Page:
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Australian Indigenous HealthBulletin
 

Australian feral camel management project

 

Overview

The Australian feral camel management project is dealing with the need to reduce feral camel numbers and the impact this has on the environment, infrastructure (housing, fencing and vehicles), cultural sites and the personal safety of communities in remote Australia.

The project involves Aboriginal corporations, natural resources management boards, conservation groups and the pastoral and commercial industries in four regions of Australia covering SA, WA, Qld and NT.The project humanely reduces the overabundance of feral camels, and therefore the densities of camels in areas of known high concentrations and of high conservation and cultural value. Management methods being used include ground culling for petmeat, mustering for sale (mainly for meat processing) and culling. Exclusion fencing has limited potential due to construction and maintenance costs and aesthetic issues around cultural and tourist sites.

In addition, the project is undertaking a significant monitoring and evaluation program (MERI: monitoring, evaluation, reporting, improvement) to measure and report on improvements to biodiversity outcomes for the land, restoration of vegetation and water resources.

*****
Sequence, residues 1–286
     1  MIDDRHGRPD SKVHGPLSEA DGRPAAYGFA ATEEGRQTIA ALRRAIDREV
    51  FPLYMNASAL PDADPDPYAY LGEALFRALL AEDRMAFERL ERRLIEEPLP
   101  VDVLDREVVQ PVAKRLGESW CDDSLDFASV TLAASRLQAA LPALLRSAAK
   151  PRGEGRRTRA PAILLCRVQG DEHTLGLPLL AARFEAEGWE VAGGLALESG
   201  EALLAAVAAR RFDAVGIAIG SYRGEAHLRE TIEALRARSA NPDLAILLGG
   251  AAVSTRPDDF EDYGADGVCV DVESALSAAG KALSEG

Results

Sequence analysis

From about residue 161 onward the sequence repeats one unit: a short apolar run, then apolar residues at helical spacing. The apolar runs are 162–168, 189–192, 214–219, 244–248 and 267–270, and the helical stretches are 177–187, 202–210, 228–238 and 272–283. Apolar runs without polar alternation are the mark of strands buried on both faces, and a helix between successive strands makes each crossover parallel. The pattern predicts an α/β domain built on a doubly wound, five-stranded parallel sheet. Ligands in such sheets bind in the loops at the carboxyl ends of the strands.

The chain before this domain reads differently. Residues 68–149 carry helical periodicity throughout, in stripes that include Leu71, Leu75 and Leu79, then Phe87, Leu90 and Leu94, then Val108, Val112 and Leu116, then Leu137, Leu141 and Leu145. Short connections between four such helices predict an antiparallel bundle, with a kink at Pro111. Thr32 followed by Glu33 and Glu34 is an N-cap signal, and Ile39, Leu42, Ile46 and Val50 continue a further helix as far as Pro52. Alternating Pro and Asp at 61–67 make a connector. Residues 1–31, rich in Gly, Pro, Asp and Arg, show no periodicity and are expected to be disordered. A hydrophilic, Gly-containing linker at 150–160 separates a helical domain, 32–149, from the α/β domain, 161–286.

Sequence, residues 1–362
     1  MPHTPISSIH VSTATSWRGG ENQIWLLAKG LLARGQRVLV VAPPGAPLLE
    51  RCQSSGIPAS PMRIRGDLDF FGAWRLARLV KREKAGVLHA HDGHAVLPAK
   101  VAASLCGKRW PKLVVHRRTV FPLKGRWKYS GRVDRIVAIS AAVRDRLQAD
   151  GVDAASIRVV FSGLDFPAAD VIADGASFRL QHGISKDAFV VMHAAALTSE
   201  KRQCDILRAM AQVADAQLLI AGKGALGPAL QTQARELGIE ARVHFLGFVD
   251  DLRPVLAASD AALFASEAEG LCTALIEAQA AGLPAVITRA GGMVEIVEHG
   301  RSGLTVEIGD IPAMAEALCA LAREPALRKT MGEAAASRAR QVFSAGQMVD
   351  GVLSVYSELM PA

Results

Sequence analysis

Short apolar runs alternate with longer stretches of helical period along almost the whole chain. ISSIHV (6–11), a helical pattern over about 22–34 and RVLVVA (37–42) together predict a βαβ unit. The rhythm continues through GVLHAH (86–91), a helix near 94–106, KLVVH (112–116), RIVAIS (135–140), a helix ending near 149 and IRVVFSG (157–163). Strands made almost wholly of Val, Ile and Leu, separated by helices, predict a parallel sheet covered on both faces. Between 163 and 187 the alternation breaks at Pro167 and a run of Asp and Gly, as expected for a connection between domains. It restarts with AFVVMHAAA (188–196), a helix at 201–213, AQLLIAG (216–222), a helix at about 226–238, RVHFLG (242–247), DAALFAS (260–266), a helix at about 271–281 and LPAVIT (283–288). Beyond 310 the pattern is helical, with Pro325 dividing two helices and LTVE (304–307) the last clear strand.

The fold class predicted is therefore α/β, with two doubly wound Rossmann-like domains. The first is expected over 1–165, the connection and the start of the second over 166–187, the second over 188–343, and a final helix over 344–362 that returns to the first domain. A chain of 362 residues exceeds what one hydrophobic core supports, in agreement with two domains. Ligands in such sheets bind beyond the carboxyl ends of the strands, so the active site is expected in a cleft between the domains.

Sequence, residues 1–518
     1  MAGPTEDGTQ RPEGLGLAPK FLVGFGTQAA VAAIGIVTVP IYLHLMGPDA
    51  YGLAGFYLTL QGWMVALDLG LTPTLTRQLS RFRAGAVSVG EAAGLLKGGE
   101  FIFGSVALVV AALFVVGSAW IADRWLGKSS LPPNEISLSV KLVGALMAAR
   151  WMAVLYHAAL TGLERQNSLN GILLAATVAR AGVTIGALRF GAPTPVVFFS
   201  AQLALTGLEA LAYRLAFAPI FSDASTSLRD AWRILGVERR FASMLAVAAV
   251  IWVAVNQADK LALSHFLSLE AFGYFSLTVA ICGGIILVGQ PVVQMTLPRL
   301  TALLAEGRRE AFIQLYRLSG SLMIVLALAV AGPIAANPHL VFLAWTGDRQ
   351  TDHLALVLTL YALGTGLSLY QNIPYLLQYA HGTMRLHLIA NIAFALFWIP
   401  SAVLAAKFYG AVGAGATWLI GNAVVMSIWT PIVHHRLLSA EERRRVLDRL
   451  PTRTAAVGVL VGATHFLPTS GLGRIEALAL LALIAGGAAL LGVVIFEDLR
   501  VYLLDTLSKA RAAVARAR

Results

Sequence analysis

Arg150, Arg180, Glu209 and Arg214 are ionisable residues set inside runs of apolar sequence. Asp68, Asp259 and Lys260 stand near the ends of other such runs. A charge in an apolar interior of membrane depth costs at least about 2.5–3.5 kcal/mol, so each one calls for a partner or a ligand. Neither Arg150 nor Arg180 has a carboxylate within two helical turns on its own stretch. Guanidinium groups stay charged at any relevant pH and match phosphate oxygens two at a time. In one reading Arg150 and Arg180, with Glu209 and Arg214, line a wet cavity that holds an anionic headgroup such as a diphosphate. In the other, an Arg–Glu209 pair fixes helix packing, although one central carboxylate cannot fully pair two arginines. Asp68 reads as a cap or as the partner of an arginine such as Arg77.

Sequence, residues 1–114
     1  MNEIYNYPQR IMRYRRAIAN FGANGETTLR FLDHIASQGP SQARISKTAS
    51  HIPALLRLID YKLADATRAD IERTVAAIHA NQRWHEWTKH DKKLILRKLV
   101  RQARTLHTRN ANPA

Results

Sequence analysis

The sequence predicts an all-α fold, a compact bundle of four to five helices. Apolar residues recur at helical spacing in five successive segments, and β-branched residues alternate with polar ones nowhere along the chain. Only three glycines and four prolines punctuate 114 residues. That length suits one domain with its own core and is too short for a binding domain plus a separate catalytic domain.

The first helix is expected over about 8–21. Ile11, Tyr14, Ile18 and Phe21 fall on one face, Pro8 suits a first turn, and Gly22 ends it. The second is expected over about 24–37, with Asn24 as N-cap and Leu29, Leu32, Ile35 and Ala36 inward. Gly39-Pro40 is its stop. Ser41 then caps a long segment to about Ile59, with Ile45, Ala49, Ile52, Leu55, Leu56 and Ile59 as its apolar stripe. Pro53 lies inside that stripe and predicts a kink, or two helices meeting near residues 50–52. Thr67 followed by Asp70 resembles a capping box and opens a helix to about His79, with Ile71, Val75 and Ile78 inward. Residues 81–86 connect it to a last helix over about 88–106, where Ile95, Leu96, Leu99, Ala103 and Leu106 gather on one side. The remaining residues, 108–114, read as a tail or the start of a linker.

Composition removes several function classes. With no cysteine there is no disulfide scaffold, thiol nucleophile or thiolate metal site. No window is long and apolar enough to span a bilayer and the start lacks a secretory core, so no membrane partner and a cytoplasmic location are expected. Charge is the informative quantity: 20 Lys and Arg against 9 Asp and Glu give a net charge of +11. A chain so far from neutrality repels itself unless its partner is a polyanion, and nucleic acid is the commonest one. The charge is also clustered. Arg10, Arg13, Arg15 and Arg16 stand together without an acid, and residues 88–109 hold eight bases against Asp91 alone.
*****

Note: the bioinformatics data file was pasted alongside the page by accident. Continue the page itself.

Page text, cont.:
Abstract adapted from Australian feral camel management project

Contacts

Ninti One Limited
PO Box 3971
Alice Springs NT 0871
Ph: (08) 8959 6039
Email: info@feralcamels.com.au

Related publications

Feldmuller M, Gee P, Pitt J, Feuerherdt L, eds. (2012)

Best practice camel book: an illustrated guide to the 2012 Australian Standard, Model Code of Practice and Standard Operating Procedures relevant to the humane control of feral camels.

Adelaide: Rural Solutions South Australia

This book is an illustrated guide to controlling feral camels in rural and remote Australia.

The principles and practices in this book are based on the following:

The book uses over 150 cartoons, drawings, diagrams, and photographs to illustrate the text and make the content more accessible. It includes an introduction which describes camel handling hazards, camel body condition scoring, and ways to identify both camel bulls in rut and camel cows in late pregnancy. Indigenous Australian workers and community members are featured extensively in the illustrations.

Abstract adapted from Rural Solutions South Australia (SA)

Vaarzon-Morel P (2008)

Key stakeholder perceptions of feral camels: Aboriginal community survey: chapter 5.

Alice Springs: Desert Knowledge Cooperative Research Centre

Edwards GP, Zeng B, Saalfeld WK, Vaarzon-Morel P, McGregor M, eds. (2008)

Managing the impacts of feral camels in Australia: a new way of doing business.

Alice Springs: Desert Knowledge Cooperative Research Centre

Links

 
Last updated: 11 September 2013
 
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